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Joint media release
19 November 2008
The Australian Minister for Environment, Heritage and the Arts, Peter Garrett, and Parliamentary Secretary for International Development Assistance, Bob McMullan, said today that the opening of a refurbished health facility on the Kokoda Track was an exciting step in the Kokoda Development Program’s efforts to improve the livelihoods of communities living along the Track.
The health centre at Efogi –about halfway along the track –was today jointly opened by the Prime Minister’s Special Envoy, Sandy Hollway, and Papua New Guinea Deputy Secretary, Policy from Department of Environment and Conservation, Gunther Joku.Minister Garrett said that despite being at an early stage, the Kokoda Development Program is a key element of the historic Joint Understanding between Australia and the Government of PNG.
The AusAID-administered program aims to significantly improve basic services for communities living along the Kokoda Track corridor.
“Through this special partnership between our two countries we are working together to both protect a place of special significance to Australia and to improve the lives of local people who live along the Kokoda Track corridor,” Mr Garrettsaid.
“The Joint Understanding and its activities are focused on the fundamentals: investing in people, in their health and education and ensuring that the Kokoda Track and its globally significant values are sustainably managed.”
Mr McMullan said thatin addition to refurbishing the health centre, another vital element was providing health training for all communities along the track.
“Not only is Efogi better resourced from a health perspective but they have effectively become a training hub for health workers up and down the Track,” Mr McMullan said.
“The Kokoda Development Program takes a holistic view of community needs bringing health, education, water and sanitation, and transport together and also engages people within local villages to play a key role in the decision making and delivery of each element.”
The program follows a comprehensive needs analysis undertaken collaboratively by AusAID and the Government of PNG.
“As with other aspects of Australia’s development program in PNG, we will continue to work in close partnership with the Government of PNG to engage with local people to ensure we understand what works best and how it should be implemented,” Mr McMullan said.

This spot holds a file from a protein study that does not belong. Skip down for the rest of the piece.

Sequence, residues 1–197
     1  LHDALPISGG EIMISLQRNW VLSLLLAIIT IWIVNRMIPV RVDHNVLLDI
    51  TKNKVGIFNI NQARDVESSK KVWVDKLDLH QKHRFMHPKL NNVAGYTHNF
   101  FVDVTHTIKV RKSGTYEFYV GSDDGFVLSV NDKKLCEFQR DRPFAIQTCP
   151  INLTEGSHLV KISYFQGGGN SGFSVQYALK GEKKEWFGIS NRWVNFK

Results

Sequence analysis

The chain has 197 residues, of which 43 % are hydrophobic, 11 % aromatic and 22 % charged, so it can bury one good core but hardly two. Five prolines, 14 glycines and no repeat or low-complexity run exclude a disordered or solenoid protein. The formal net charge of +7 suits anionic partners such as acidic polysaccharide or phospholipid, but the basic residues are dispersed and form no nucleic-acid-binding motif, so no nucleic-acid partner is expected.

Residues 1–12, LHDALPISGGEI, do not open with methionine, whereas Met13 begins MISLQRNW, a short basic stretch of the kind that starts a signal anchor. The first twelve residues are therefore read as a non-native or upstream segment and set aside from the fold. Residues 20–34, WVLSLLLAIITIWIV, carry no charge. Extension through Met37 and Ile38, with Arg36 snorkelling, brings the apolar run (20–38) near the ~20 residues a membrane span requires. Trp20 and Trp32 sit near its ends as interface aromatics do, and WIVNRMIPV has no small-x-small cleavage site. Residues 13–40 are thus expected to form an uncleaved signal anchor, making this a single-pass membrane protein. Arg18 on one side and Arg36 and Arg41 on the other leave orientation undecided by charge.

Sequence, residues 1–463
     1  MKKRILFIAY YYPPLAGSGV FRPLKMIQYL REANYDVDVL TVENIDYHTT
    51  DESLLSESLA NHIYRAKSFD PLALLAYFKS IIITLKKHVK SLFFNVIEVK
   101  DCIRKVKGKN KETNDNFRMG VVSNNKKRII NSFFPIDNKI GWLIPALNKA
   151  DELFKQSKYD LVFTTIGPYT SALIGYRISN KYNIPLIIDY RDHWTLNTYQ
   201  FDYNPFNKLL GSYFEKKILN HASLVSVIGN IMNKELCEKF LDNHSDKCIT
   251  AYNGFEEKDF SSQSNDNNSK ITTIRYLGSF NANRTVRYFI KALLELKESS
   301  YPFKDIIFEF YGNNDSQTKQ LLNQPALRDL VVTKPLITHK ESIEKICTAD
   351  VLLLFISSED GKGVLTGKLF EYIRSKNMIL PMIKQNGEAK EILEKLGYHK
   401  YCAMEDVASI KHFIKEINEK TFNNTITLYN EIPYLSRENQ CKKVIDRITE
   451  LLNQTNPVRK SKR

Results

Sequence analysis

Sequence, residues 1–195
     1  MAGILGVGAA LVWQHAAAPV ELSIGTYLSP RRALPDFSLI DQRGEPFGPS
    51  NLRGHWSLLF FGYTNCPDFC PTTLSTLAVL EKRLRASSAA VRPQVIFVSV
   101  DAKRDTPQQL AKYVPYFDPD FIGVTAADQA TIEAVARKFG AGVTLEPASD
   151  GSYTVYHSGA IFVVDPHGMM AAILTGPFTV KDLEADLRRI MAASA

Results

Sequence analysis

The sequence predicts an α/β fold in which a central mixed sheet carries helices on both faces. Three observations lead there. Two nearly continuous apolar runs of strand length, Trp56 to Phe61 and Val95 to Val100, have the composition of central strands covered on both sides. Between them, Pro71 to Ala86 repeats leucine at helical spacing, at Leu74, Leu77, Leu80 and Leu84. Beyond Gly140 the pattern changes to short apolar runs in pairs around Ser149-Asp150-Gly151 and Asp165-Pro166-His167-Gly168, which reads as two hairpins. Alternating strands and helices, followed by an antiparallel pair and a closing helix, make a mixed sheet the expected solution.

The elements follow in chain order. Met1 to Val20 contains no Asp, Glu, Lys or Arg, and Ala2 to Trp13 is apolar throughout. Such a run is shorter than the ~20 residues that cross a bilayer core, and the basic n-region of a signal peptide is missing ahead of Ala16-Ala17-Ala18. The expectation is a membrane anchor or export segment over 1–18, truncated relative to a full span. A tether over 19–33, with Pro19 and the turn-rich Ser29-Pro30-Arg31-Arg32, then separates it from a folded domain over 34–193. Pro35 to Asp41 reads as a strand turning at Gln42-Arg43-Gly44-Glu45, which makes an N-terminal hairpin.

Efogi is about half way along the Track and has an operating air strip, and will therefore play a major role in the roll-out of the program to other villages throughout 2009.
“As the Kokoda Development Program matures, more villages will benefit not only from facilities and equipment but from training opportunities for volunteer health workers and to improve the skills of school teachers in the Track communities,” Mr McMullan said.
The Kokoda Development Program will improve access to basic services for people living along the Kokoda Track corridor, including through;
Australia has committed $14.9 million (managed by Department Environment, Water, Heritage and the Arts) to assist the PNG Government in its efforts to improve the livelihoods of local communities along the Track and to establish effective management arrangements so that the Track is protected and delivers increasing benefits to local people. Those funds will also be used to assist the PNG Government to conduct a feasibility study into a possible World Heritage nomination.
AusAID is administering $1.67 million of the above funding through the Kokoda Development Program. The PNG Government has also recommended that $35 million from an AusAID performance grant be used to rebuild bridges along the road from Kokoda to Oro Bay destroyed in last year’s floods.
Additionally, the Department of Veterans’ Affairs will administer $1 million of funding to develop educational materials to increase awareness of the special importance of the Track.